Note that $$w_{k+1} < 1 = x_{1} < x_{1} + \sqrt{(x_{1}-w_{k+1})^{2}+\lambda _{k+2}}$$ and $$\sqrt{(x_{1}-w_{k+1})^{2}+\lambda_{k+2}}> x_{1}- w_{k+1}> 0$$. Then $$V_{k+2} = [x_{1} - \sqrt{(x_{1}-w_{k+1})^{2}+\lambda_{k+2}}, w_{k+1}]$$. Thus we may choose

$$x_{k+2} = \frac{x_{1} - \sqrt{(x_{1}-w_{k+1})^{2}+\lambda_{k+2}}+w_{k+1}}{2}.$$

Note that

\begin{aligned} (1+r_{k+2})y_{k+2} > 0&\quad \Longleftrightarrow\quad x_{k+2}+e_{k+2} > 0 \\ &\quad\Longleftrightarrow\quad \frac{1-\sqrt{(1-w_{k+1})^{2}+\frac {1}{k+2}}+w_{k+1}}{2} + \frac{1}{k+2} > 0 \\ &\quad\Longleftrightarrow\quad \frac{1+w_{k+1}}{2} + \frac{1}{k+2} > \frac{\sqrt {(1-w_{k+1})^{2}+\frac{1}{k+2}}}{2} \\ &\quad\Longleftrightarrow\quad \biggl(\frac{k+4}{k+2} \biggr)^{2}+ \frac{2(k+4)}{k+2}w_{k+1} > 1-2w_{k+1}+\frac{1}{k+2} \\ &\quad\Longleftrightarrow\quad \biggl(\frac{k+4}{k+2} \biggr)^{2}+ \frac{12+4k}{k+2}w_{k+1} > \frac {k+3}{k+2}, \end{aligned}

which is obviously true since $$(\frac{k+4}{k+2})^{2} > 1+\frac{1}{k+2}$$. Then $$(1+r_{k+2})y_{k+2} > 0$$.

Moreover,

\begin{aligned} &(1+r_{k+2})y_{k+2}< 1 \\ &\quad\Longleftrightarrow\quad \frac {1+r_{k+2}}{1+2r_{k+2}} \biggl(x_{k+2}+\frac{1}{k+2} \biggr) < 1 \\ &\quad\Longleftrightarrow\quad \frac{1+w_{k+1}-\sqrt{(1-w_{k+1})^{2}+\frac {1}{k+2}}}{2}< \frac{1+2r_{k+2}}{1+r_{k+2}}- \frac{1}{k+2} \\ &\quad\Longleftrightarrow\quad 1+w_{k+1}< \sqrt{(1-w_{k+1})^{2}+ \frac{1}{k+2}}+\frac {2(1+2^{k+2})}{1+2^{k+1}}-\frac{2}{k+2} \\ &\quad\Longleftrightarrow\quad w_{k+1}< \sqrt{(1-w_{k+1})^{2}+ \frac{1}{k+2}}+\frac {1+3\cdot2^{k+1}}{1+2^{k+1}}-\frac{2}{k+2} \end{aligned}

which is true since $$\frac{1+3\cdot2^{k+1}}{1+2^{k+1}}-\frac{2}{k+2} > 1$$. Then $$(1+r_{k+2})y_{k+2}= \frac{1+r_{k+2}}{1+2r_{k+2}} (x_{k+2}+e_{k+2}) < 1$$.

By now, we have proved that (3.19) is true.

In this part, it is left to prove that $$x_{n} \rightarrow0$$, $$y_{n} \rightarrow0$$, as $$n \rightarrow\infty$$.

From (3.19), $$\{(1+r_{n})y_{n}\}$$ is bounded, which implies that $$\{w_{n}\}$$ is bounded. Then we can easily check that $$\{x_{n}\}$$ is bounded. Let $$\{ x_{n_{i}}\}$$ be any subsequence of $$\{x_{n}\}$$ such that $$\lim_{i \rightarrow\infty}x_{n_{i}} = a$$. Then $$w_{n_{i}} \rightarrow a$$ and $$y_{n_{i}}\rightarrow0$$ as $$i \rightarrow\infty$$. Since $$2r_{n}y_{n} = x_{n} + e_{n} - y_{n}$$, then $$\lim_{i \rightarrow\infty}(1+r_{n_{i}})y_{n_{i}} = \frac {a}{2}$$. Since $$0 < w_{n_{i}} \leq(1+r_{n_{i}})y_{n_{i}} < 1$$, then $$0 \leq a \leq\frac{a}{2}\leq1$$. Thus $$a = 0$$. This means that each strongly convergent subsequence of $$\{x_{n}\}$$ converges strongly to 0. Thus $$x_{n} \rightarrow0$$, as $$n \rightarrow\infty$$. And then $$y_{n} \rightarrow 0$$, $$w_{n} \rightarrow0$$, as $$n \rightarrow\infty$$.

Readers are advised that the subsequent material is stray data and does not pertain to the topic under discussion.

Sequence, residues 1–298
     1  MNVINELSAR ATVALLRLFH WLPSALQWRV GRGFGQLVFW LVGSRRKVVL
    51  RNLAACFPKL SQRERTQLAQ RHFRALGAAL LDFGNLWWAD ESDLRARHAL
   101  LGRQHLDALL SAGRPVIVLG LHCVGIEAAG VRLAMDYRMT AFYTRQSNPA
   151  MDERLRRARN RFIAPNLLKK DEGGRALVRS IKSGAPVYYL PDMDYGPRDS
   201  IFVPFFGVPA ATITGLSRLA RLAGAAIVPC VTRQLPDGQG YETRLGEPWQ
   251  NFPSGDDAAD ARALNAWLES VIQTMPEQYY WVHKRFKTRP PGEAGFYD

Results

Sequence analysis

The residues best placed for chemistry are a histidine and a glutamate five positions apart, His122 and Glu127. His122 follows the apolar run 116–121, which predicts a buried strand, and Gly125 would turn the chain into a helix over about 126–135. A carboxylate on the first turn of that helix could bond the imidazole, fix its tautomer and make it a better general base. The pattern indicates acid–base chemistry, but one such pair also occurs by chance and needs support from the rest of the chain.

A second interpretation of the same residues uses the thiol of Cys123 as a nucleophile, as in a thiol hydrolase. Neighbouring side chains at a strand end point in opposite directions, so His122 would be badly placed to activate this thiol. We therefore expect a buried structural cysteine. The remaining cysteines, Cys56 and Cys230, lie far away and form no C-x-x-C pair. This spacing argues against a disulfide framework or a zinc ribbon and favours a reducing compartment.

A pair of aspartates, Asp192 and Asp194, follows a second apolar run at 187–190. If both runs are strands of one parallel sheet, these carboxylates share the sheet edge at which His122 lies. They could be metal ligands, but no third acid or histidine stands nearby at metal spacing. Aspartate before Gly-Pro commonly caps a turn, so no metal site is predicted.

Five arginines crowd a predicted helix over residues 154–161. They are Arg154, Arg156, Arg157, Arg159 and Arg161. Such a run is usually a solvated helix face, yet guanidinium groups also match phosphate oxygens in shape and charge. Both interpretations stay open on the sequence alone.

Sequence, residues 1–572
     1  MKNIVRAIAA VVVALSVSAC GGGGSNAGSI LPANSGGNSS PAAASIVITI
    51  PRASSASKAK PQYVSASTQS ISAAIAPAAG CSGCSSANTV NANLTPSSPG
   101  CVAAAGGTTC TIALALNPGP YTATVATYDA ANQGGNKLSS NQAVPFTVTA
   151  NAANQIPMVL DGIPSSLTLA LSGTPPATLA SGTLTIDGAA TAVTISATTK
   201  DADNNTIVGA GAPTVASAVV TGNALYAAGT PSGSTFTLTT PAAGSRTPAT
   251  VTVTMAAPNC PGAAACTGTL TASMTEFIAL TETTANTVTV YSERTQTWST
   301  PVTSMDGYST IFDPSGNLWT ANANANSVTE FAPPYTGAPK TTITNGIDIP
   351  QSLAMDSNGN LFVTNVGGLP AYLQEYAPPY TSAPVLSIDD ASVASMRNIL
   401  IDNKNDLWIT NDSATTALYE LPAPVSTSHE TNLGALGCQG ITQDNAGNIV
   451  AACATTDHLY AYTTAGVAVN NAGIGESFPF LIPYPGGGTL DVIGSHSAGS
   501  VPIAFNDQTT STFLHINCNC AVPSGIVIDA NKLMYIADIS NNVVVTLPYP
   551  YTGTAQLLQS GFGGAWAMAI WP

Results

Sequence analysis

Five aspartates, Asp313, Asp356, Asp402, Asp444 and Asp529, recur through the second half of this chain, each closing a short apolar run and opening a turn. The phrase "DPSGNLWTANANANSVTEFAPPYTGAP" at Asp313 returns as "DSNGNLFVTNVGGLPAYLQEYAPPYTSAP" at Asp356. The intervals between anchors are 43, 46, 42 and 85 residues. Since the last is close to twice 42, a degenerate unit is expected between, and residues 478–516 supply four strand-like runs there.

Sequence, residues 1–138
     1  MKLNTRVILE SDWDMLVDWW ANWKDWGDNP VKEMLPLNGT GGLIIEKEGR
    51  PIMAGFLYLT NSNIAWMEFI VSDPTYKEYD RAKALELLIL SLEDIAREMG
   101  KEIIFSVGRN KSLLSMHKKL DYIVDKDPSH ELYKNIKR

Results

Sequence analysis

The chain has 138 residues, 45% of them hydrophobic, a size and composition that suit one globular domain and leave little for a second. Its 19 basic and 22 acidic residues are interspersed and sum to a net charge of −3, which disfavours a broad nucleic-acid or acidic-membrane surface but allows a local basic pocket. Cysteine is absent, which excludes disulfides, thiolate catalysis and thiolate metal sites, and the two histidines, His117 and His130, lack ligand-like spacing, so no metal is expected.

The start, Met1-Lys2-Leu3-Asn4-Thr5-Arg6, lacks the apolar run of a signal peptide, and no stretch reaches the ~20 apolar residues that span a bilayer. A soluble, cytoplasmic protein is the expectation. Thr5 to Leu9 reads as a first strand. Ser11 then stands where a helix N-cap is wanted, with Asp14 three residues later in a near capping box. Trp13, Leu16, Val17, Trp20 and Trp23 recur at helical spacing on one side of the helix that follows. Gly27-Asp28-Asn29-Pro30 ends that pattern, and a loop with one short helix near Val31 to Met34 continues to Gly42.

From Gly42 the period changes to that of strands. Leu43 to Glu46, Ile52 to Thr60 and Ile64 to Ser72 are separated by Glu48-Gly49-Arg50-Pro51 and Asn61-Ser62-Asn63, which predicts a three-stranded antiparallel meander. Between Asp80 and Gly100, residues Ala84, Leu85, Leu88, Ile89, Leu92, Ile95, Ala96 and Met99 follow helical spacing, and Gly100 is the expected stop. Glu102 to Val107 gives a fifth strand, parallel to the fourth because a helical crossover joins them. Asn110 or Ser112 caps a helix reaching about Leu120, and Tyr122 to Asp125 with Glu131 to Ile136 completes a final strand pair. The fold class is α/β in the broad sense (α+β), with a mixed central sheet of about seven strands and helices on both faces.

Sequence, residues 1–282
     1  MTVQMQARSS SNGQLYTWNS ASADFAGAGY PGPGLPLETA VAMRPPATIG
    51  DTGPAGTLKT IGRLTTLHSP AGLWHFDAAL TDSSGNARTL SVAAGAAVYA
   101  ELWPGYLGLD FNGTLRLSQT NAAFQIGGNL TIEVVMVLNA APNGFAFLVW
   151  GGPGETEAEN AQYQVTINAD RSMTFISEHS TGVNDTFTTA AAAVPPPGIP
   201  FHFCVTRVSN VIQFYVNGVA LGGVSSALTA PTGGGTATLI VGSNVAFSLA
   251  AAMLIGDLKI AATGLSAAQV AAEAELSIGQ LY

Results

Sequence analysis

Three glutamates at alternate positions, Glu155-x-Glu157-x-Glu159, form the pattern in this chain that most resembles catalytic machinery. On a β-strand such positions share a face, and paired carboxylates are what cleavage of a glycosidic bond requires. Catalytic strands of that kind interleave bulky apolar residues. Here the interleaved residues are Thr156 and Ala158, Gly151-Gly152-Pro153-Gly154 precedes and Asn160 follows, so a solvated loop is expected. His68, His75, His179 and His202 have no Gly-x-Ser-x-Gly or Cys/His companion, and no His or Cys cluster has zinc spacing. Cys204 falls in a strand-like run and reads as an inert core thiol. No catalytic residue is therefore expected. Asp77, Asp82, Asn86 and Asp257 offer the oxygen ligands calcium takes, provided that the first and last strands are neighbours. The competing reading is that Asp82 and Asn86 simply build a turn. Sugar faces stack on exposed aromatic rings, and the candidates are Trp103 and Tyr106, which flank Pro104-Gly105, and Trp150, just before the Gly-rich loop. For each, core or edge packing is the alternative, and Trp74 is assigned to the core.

This completes the proof. □

### Remark 3.12

Do computational experiments on (3.10), (3.11), and (3.12) in Corollary 3.11. By using the codes of Visual Basic Six, we get Tables 13 and Figs. 13.

### Remark 3.13

From Tables 13 and Figs. 13, we can see that for initial value $$x_{1} = 1$$, different choices of $$x_{n+1}$$ in $$V_{n+1}$$ lead to different rates of convergence. It is a natural phenomenon that the larger $$x_{n+1}$$ is chosen, the slower the rate of convergence is. Although $$x_{n+1}$$ in (3.11) is the slowest sequence among the three, it is worth being considered because of its “nice and simple” expression compared to the other two.

### Remark 3.14

Although both $$x_{n+1}$$ in (3.12) and (1.5) are chosen as the mid-point of $$V_{n+1}$$, they have different rates of convergence. From Table 1 in , we may find that the iterative sequence in (1.5) converges more rapidly than that in (3.12). From this point view, it is not easy for us to draw the conclusion which one is better, (1.3) or (3.1).

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## Funding

Supported by the National Natural Science Foundation of China (11071053), Natural Science Foundation of Hebei Province (A2014207010), Key Project of Science and Research of Hebei Educational Department (ZD2016024), Key Project of Science and Research of Hebei University of Economics and Business (2016KYZ07), Youth Project of Science and Research of Hebei University of Economics and Business (2017KYQ09), and Youth Project of Science and Research of Hebei Educational Department (QN2017328).

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Correspondence to Li Wei.